“Apparently, my mom and brother were not too keen on throwing up for however long we were on the water, so they got this seasickness pill called the Kaikoura Kracker, which everyone said worked brilliantly, but just ended up making them sick and dizzy… However, they managed to recover, and we found our tour.

      http://ramblingsofanhonorarykiwi.blogspot.com.au/2010/03/kaikoura-whale-watching.html

      Opinions about how well they work may depend on who’s selling them to you.

      Like

    • One of the benefits of using mainstream pharmaceuticals is that they’ve been clinically tried and tested so you’re entitled to an expectation they will work.

      There appears to be a huge market for alternative treatments in New Zealand. Unfortunately those treatments aren’t any cheaper than what the big pharma put out and they often haven’t been clinically trialled.

      Like

    • Morris, that’s quite a large mark up. We took a look at the epipen.co.uk website and found single doses for £26.45 and double for £52.90. Chemist Direct sells it for £36.47 but that is on a private prescription. (source). We’re guessing with a NHS script it would be £7.85 which is appreciably cheaper?

      each prescribed item, regardless of nature or quantity, costs £7.85. A prescription pre-payment certificate (or PPC) can be bought for £104.00, and covers unlimited prescriptions for 12 months. Alternatively, 3-monthly PPCs may be bought for £29.10 (Prices as of 1st April 2013). PPCs are sold to the public by the NHS Business Services Authority.

      source

      The $135 price tag appears to be the going rate in New Zealand: not a great place to have a life threatening condition. Unfortunately migrants won’t be able to stock up before they enter New Zealand as this treatment has a limited shelf life.

      Anyone want to comment on diabetes treatment?

      Like

  7. Terri you don’t have to order from abroad just shop around.

    The Herald did an investigation into the standard price for prescription drugs and said consumers could save thousands.

    They randomly selected 10 pharmacies in Auckland, Tauranga and Hamilton and asked for the price of six common medications.

    “one month’s supply of cholesterol management drug Vytorin was $120 at Auckland’s Westfield St Lukes – $16 more than average and $41 more than the cheapest outlet, Waugh’s Pharmacy in Tauranga.

    The best value Avigra, a generic brand of the sex drug Viagra, was 20 per cent cheaper than the standard rate and hair-loss drug Propecia cost between $123 and $97.

    By shopping around you could save nearly $1 a tablet or $1679 over five years”

    from Consumer Watchdog: Cheap Drugs http://www.nzherald.co.nz/nz/news/article.cfm?c_id=1&objectid=10767264

    Like

    • Thanks Phillip.

      That’s an incredible range of prices. It definitely proves it pays to shop around, though Tauranga may be rather too far for most people.

      Has anyone used online pharmacies in New Zealand and are they good value for money?

      This sector obviously does need more competition, especially in the small towns where patients only have a single pharmacist.

      Like

  8. Avalon’s Guide recommends using OneClick Pharmacy. She worked in a pharmacy for 10 years and knows that people are getting ripped off. She says she saves around $200 an order by getting it from the UK. I’ve not used it myself but I’ll going to give it a go.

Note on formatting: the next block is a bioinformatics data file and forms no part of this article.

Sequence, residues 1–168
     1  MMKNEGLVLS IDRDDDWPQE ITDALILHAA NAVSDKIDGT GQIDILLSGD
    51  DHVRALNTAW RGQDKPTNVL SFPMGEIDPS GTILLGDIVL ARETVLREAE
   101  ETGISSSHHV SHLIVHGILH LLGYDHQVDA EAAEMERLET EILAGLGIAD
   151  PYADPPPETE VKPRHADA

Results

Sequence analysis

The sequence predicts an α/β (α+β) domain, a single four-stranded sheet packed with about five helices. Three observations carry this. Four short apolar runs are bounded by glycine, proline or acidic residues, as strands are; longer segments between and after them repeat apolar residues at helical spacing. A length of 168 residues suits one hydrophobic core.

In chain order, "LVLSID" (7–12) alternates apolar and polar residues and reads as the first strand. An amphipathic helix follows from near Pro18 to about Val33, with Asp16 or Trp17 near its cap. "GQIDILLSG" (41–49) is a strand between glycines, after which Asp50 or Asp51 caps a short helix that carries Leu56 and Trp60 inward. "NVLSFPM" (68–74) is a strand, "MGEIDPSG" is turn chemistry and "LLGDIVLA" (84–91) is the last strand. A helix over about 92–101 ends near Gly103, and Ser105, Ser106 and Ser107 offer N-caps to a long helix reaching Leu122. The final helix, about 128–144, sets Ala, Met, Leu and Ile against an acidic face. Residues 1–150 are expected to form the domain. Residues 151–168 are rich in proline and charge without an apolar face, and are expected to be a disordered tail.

http://www.avalonsguide.com/anab/2012/08/oneclick-pharmacy-is-it-worth-the-hassle

    As you know, I refuse to pay the extortionate prices that NZ pharmacies charge for basic painkillers, and switched to buying from the UK based OneClick Pharmacy, saving hundreds of dollars on each order.

    I buy as much stuff as I can, because the prices are – basically – fantastic after putting up with the NZ overcharging for 7 years, so my orders usually come to within 80-150 range quite easily.

    That’s a lot of money to spend at a pharmacy in the UK. To be honest – in 10 years of working in pharmacies, I don’t think Ive ever taken a payment that high without it being for some sort of Machine, or a private prescription for something really out of the ordinary.

    But at that kind of level, I am actually saving about $200 per order on what it would cost me here.

    So, I am prepared to put up with some crap service, SLOOOOOW service, and a bit of annoyance.

    Like

    • Thanks Terri, we’ll make sure we pass that information on to our readers and amend the article to include it.

      Any more tips on how to save pharmacy costs in New Zealand? especially for parents with young children who find medical costs quite a burden.

      Let’s do what we can to help.

      Like

      • Why does that Avalon person keep recommending that people move to New Zealand? Surely a practice like that tells everything about the grasping, amoral kind of country it is?

        Like

  9. Overcharging has been going on for years. Pharmacies were ripping off parents with inflated prices for Neocate hypoallergenic baby formula when we lived in New Zealand.

    Like

    • we called it the Migrant Surcharge when we lived there. All you had to do was open your mouth and the price of anything would tick up, whatever they thought they could get away with charging you. They were especially brazen with Americans.

      Like